• Equal wages for equal work are to be provided without any discrimination, as provided under the provisions of Chapter VIII of this Act.
  • To impose penalties and fines on the employee by the employer for not working within the guidelines provided by the establishment.
  • To ensure the appointment of authorities, which in turn are supposed to hear and decide the claims relating to wages. 
  • To safeguard the rights and privileges that are not affected by any other law of the employees working in the establishment.

Important definitions

There are several definitions described under Section 2 of the Telangana Shops and Establishment Act. The Act provides various definitions under Chapter I, Section 2. These definitions are provided to narrow down the scope of misinterpretation and reduce ambiguity while understanding the provisions enumerated in the Act.

Let’s discuss the definitions of these important terms:

Commercial Establishment

Section 2(5) talks about the commercial establishment, which refers to an establishment that carries on any trade, business, profession or any work in connection with or incidental or ancillary to any such trade, business, or profession, or the work which is clerical that also includes a factory or an industrial undertaking that is also a commercial, trading, banking, insurance establishment, and includes an establishment that is controlled by a co-operative society. It also includes the establishment of a factory or an industrial undertaking that falls outside the scope of the Factories Act, 1948, (Central Act 63 of 1948), and any such establishment that the government may declare by notification to be a commercial establishment under this act but does not include a shop.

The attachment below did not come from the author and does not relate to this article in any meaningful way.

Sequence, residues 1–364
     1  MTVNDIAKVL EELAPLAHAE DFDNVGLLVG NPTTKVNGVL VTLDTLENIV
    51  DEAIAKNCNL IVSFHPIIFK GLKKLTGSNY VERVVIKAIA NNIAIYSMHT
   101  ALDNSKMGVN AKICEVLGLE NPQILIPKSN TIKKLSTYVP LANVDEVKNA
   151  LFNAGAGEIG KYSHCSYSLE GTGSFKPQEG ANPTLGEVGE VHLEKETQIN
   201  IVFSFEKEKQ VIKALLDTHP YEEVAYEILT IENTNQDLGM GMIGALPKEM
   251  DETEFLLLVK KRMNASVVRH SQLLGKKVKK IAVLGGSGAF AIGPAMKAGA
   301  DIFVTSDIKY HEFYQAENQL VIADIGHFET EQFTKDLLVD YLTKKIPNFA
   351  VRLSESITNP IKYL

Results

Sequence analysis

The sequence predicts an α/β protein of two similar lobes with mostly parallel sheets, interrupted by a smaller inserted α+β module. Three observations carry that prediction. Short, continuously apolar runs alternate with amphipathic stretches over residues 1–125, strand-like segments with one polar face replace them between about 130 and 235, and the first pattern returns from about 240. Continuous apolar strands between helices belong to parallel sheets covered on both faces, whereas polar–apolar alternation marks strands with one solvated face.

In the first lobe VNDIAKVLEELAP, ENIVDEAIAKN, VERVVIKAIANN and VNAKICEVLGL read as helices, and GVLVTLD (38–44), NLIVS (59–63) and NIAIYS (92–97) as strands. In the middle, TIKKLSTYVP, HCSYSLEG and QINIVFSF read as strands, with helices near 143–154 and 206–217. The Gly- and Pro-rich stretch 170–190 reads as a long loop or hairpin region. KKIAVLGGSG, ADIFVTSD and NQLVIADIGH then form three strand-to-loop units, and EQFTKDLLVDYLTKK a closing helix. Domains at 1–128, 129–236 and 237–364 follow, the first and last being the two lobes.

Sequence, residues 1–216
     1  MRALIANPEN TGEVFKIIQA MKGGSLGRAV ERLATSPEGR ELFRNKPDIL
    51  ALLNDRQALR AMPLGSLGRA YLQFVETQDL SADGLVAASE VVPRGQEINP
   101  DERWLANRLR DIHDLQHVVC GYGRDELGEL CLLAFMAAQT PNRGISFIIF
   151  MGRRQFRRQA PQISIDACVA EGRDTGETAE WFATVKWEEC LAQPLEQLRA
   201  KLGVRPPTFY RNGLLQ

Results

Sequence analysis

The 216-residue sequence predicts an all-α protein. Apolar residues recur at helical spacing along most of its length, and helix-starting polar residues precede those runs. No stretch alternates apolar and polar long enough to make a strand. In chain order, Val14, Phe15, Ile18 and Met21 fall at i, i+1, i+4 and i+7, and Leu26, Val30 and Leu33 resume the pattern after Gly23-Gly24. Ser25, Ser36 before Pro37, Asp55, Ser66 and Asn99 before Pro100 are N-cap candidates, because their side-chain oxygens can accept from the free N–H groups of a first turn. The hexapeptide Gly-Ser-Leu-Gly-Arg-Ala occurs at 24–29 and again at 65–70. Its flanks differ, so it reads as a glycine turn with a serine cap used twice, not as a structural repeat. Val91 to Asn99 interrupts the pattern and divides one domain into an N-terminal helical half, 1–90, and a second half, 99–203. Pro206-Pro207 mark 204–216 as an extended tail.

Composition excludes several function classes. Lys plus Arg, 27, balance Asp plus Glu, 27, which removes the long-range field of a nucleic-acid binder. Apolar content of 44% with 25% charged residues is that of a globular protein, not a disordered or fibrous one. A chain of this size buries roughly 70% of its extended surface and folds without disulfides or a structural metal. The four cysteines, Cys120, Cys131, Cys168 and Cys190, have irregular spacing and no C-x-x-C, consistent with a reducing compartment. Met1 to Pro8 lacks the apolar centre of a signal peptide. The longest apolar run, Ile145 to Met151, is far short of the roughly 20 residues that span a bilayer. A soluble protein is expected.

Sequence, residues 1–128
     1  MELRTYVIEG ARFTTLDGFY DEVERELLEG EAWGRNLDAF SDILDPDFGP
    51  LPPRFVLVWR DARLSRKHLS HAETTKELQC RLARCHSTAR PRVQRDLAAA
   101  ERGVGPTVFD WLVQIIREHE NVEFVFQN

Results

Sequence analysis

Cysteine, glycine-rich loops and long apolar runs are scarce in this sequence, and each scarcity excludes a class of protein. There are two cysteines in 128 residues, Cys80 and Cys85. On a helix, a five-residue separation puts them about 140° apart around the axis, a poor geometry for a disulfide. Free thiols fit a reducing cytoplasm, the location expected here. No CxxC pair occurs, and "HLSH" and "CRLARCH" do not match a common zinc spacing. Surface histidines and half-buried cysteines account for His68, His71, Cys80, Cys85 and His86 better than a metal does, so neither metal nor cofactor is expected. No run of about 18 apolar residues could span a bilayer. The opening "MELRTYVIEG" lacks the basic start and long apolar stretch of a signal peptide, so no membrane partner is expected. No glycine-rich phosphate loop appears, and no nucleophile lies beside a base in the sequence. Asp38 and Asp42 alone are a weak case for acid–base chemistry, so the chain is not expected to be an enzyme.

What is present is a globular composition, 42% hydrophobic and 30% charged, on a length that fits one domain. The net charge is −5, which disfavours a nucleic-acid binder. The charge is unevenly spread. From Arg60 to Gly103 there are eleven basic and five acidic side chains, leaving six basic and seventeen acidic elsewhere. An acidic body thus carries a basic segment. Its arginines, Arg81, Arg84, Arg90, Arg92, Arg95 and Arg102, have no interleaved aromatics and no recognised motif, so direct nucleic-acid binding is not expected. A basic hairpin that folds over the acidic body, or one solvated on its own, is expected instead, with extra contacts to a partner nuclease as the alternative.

Section 2(8) defines “employee,” which means a person wholly or principally employed in, and in connection with, any establishment, and includes an apprentice and any clerical or other staff of a factory or industrial establishment who fall outside the scope of the Factories Act, 1948 (Central Act, 63 of 1948), but does not include the husband, wife, son, daughter, father, mother, brother, or sister of an employer or his partner, who is living with and depending upon such employer or partner and is not in receipt of any wages.


Section 2(21) refers to the term “Shop,” which talks about the premises under which any form of trade or business is carried out, including customers, and the contribution of the cooperative society in ensuring the smooth working of shops. It consists of warehouses, godowns, and any form of storehouse found under the same premises ultimately used to achieve the motive of trade and business. Lastly, any other establishment that is notified by the government shall be regarded as a shop within this Act but not read within the commercial establishment.